Informing the Future Electorate | Mix It Up

Vetted websites and apps to help children understand the election process, stay up-to-date on kid-relevant issues, and even participate in their own mock vote.

1609-mixitupElection years provide educators with a unique opportunity to guide students as they sort fact from fiction. As the highly contentious 2016 presidential election continues to take over the media, kids within earshot of the nightly news or in sight line of social media may be tuning in to some of the more vitriolic debates and discussions. While some educators and parents may prefer to shield children from the rhetoric and various talking heads, it’s important that students have a clear understanding of the electoral process, how elections work, and big ticket political issues that affect them and their families, like education and immigration, among others.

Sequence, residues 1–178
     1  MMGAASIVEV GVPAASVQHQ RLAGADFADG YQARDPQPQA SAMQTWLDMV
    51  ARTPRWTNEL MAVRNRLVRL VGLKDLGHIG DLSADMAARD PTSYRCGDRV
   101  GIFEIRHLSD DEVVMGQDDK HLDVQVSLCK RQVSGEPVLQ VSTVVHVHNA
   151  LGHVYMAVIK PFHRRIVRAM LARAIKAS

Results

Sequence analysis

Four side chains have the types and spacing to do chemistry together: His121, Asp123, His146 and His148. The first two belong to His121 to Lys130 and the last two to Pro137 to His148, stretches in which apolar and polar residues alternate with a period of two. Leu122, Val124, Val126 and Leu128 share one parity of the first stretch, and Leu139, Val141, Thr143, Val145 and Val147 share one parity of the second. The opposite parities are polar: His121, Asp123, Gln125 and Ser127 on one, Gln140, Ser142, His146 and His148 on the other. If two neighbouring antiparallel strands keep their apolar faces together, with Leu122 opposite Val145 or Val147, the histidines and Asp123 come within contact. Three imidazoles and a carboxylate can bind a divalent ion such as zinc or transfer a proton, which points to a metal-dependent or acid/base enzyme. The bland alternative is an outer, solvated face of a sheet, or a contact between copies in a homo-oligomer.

It’s worth noting that many of the best resources out there are websites, not apps. According to recent Pew Research Center findings (, the majority of teens find their news via social media. This could be one of the reasons why quality, exciting, and current phone apps dedicated to election news aren’t being produced: there simply isn’t an audience for it. After all, when the nation awakens on Wednesday, November 9, any app dedicated solely to the election will only really have one more message to deliver: the name of the new president of the United States of America.

We have sifted through the good, the bad, and the out-of-date to highlight the best resources to use with your kids this fall.